|June 21, 2016||Filled under Featured, Topic for Discussion||
In the discussion forum, we observed that Doric and Mycenaean elements came back quite openly in the geometric art of the Homeric age. The decorative band of alternating “triglyphs” [τρίγλυφος] and “metopes” [μετόπη] on the sides of the Middle Geometric kraters were recognized as a memory of the wooden constructions in ancient Doric temples. In a similar way the Mycenaean elements return in the images of animals that are grazing or resting. What is missing is the memory of the Minoan element, some signs of a culture that vanished completely. Or not?
Before discussing proto-geometric art, we looked at the motif of the Minoan octopus [ὀκτώπους]. I would like to do that again because I feel that there is a connection with the decorative system of the Geometric period. Should it be that way, then Geometric art appears to me as a synthesis of Doric, Mycenaean and Minoan elements and such a diversity brings to life, for me, the idea of “structured beauty” [kosmos, κόσμος] and symmetry, “due proportion” [symmetria, συμμετρία], in which “the parts relate to other parts as the parts do to the total”.
The octopus is known for its complex ever-changing quality: it will change its color to look like the soil underneath it. It tears its arms off when someone plucks it from its bed and the stones come up along with it. The octopus regrows its lost arms and it is worse than that: when an octopus is really hungry it will eat its own arm. And it relates to the sea. No wonder that this mollusc [malakia, μαλάκια] became the symbol of regenerative power.
The motifs of the octopus first appear on seals and later, in the Post-palatial period, as a decoration on clay coffins [larnakes, λάρνακες], indicating that the marine-style decoration had a meaning that was symbolic and ritual. On the mainland the octopus appeared on Late Helladic, Mycenaean, pottery. In a shaft grave at Mycenae gold foil ornaments were found in the shape of shrines, naked goddesses, octopuses, butterflies, rosettes: symbolic ornaments that were to be stitched onto ritual costumes. Quite possibly both the pottery and the gold foil ornaments were Minoan imports, or imitations.
The larnax [λάρναξ] is a small ceramic coffer often used as a container for human remains. Predominantly they were decorated with octopuses, squids, fish, argonauts, even ships. A beautiful example (not shown) is the one from Kavrochori, which is near modern Heraklion. The painted decoration mixes conceptual motifs that relate to the sea (octopuses, squids, fish, and dolphins) with creatures from marshes and rivers (reeds, palms, papyri, ducks): these last motifs are possibly inspired by Egyptian or Near Eastern prototypes in which rivers equal fertility.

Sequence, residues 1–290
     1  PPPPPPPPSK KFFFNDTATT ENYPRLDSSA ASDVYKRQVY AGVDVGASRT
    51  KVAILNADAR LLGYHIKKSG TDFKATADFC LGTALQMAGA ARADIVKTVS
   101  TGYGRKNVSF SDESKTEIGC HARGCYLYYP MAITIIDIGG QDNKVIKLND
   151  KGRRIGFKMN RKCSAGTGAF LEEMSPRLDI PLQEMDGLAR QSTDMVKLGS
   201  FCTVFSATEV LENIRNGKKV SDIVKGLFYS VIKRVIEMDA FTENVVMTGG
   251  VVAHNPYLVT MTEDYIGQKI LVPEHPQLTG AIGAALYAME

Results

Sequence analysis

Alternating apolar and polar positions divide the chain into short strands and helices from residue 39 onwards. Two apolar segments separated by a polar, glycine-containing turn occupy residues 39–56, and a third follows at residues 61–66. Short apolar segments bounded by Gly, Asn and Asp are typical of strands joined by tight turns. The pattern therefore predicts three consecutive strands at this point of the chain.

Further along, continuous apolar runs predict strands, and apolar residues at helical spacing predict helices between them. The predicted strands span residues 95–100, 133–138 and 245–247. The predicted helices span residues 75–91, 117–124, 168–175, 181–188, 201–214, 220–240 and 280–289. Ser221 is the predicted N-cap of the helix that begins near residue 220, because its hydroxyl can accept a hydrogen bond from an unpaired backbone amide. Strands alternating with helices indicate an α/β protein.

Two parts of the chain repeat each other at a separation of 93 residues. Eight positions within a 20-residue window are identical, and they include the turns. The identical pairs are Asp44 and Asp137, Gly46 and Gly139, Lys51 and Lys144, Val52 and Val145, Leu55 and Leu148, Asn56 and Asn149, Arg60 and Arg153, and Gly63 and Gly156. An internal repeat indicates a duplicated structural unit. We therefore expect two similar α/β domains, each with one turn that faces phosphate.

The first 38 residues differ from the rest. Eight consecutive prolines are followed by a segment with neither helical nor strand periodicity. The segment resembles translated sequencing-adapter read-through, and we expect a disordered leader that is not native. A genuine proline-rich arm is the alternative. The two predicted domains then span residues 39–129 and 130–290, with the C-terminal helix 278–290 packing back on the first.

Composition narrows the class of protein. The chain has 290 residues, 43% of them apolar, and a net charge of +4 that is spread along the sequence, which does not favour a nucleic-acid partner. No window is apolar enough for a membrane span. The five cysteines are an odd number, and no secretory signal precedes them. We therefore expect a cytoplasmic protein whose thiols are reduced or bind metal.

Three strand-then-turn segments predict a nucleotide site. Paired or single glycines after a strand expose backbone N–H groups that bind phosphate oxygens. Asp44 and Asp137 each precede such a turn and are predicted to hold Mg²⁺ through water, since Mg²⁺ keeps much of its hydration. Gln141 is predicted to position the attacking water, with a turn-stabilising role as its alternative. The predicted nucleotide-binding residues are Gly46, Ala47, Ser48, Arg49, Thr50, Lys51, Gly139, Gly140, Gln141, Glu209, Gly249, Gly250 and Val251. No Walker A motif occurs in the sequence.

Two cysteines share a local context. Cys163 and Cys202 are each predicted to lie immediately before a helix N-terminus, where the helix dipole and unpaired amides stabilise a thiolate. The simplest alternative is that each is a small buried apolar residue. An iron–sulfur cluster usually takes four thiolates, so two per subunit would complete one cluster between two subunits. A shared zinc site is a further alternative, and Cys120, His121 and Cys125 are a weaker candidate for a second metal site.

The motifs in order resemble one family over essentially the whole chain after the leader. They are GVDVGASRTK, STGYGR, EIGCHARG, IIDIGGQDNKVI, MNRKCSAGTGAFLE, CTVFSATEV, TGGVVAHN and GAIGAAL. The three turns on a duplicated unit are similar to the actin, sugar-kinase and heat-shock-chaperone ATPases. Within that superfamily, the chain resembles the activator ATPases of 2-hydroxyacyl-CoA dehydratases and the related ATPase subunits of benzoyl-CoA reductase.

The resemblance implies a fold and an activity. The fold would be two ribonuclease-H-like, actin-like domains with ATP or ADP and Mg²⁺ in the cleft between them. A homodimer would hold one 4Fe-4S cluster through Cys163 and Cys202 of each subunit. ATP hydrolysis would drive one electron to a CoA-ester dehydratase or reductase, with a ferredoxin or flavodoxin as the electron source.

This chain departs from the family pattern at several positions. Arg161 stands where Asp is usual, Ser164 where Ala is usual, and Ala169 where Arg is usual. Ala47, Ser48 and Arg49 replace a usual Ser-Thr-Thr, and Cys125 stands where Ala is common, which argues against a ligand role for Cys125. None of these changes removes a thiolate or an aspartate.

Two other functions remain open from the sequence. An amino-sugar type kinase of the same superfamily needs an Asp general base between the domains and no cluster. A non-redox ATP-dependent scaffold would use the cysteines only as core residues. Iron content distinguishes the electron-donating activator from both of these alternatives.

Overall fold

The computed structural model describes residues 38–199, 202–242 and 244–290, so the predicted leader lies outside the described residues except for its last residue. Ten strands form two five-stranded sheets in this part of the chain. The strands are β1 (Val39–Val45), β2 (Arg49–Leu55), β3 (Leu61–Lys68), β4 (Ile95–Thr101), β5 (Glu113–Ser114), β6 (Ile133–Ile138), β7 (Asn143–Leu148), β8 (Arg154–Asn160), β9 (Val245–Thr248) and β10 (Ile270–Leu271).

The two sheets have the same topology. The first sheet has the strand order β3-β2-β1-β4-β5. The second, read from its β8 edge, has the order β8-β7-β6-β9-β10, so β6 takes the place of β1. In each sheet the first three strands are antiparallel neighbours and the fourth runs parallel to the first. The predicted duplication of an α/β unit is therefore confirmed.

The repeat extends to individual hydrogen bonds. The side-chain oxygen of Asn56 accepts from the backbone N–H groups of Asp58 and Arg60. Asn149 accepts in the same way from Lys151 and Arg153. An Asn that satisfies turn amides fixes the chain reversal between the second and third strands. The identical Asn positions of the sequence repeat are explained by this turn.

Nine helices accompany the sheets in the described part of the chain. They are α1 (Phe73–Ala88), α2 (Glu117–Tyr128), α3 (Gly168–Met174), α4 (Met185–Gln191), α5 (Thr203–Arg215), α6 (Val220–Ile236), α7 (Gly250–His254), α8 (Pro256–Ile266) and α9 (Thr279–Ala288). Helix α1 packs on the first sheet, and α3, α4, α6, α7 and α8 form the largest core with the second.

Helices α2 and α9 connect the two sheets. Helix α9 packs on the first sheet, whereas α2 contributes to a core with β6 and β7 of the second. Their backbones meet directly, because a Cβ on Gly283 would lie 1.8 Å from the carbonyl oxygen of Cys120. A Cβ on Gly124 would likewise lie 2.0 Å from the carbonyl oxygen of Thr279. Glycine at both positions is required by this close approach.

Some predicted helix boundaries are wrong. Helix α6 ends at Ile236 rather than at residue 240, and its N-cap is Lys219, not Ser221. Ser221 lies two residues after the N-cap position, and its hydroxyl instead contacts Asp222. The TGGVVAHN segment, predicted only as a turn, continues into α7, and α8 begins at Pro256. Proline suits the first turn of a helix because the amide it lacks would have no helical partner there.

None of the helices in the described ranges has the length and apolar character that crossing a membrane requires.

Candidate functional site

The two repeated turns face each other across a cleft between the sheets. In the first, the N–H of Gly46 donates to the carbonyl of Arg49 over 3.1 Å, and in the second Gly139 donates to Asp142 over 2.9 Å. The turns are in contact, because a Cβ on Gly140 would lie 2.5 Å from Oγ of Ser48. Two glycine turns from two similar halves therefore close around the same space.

Another example is a larnax that is maintained at the Archaeological Museum of Rethymnon, Crete. The paintings on this coffer show papyrus flowers on the left panel and on the lid, and an octopus on the right. Not shown, but on some of the larnakes, fish are painted on the interior surfaces.
The fish painted on the interior surfaces of the larnakes may indicate the sea, maybe as a symbol for the beyond. The symbolism of the octopus on the outside of the coffin may be connected with the idea of regeneration after death.
The decoration in the second image shows an octopus in a more abstracted form, but for the purpose of this discussion it shows the octopus in a form that approximates the meander: a continuous line, shaped into a repeated motif. Could this meander, that is seen in the decoration of many larnakes, be the missing Minoan element in geometric art?
Please join me in the forum to continue the discussion.
 “Have the temperament of a complex octopus, who always looks like whatever rock he has just clung to.” (Theognis of Megara 215, Sourcebook)
 “…but presently the wave came on again and carried him back with it far into the sea—tearing his hands as the suckers of an octopus are torn when someone plucks it from its bed, and the stones come up along with it” (Odyssey 5.430–433, Sourcebook)
 “It was a common belief that the octopus would eat its own ‘foot’ when it was starving. West WD commentary p. 289 comments: ‘The starved man squeezing his swollen foot would lead on to the octopus who nibbles his foot for lack of food.’ (Gregory Nagy H24H Sourcebook Hesiodic Works and Days, Note 9)
 “They (symbols) do not only refer to the realm of the sea, but to the re-generative power of this mollusk.” (Nanno Marinatos Minoan Religion page 142)
 “The gold foil ornaments from the shaft graves at Mycenae, in the shape of shrines, naked goddesses, octopuses, butterflies, rosettes, etc. were probably stitched onto ritual costumes.” (Nanno Marinatos Minoan Religion page 141
 Nanno Marinatos Minoan Religion page 231
1. Lillian Brady Lawler ‘The Geranos Dance – A New Interpretation‘, Transactions and Proceedings of the American Philological Association Vol. 77 (1946), pages 112–130
2. Nanno Marinatos Minoan religion: Ritual, image, and symbol (1993)
3. Gisela Walberg ‘The Role and Individuality of Kamares Ware‘, Aegean Archaeology Volume 5 (2001)
1. Based on a Minoan larnax c 14th–12th century BCE formerly in Swiss private collection, shown on inventory of Harlan J. Berk, Ltd
2. Egisto Sani (photo) Clay larnax decorated with papyrus flowers (left panel and lid) and an octopus (right panel (LM IIIIA2 About 1370–1340 BCE), Archaeological Museum of Rethymnon, Crete. Creative Commons CC BY-NC-SA 2.0
3. Wolfgang Sauber (photo) Late Minoan sarcophagus from the necropolis of Armeni, 1400–1200 BCE, Archaeological Museum in Chania, Crete, Wikimedia Commons, Creative Commons CC BY-SA 3.0